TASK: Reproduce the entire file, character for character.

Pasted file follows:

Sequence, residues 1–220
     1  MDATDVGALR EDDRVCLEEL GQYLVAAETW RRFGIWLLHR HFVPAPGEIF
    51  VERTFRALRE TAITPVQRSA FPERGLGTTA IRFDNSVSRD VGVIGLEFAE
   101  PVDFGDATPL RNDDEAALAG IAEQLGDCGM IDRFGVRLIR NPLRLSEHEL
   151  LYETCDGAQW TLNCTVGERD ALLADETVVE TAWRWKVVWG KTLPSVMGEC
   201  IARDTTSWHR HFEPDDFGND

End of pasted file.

Sequence, residues 1–220
     1  MDATDVGALR EDDRVCLEEL GQYLVAAETW RRFGIWLLHR HFVPAPGEIF
    51  VERTFRALRE TAITPVQRSA FPERGLGTTA IRFDNSVSRD VGVIGLEFAE
   101  PVDFGDATPL RNDDEAALAG IAEQLGDCGM IDRFGVRLIR NPLRLSEHEL
   151  LYETCDGAQW TLNCTVGERD ALLADETVVE TAWRWKVVWG KTLPSVMGEC
   201  IARDTTSWHR HFEPDDFGND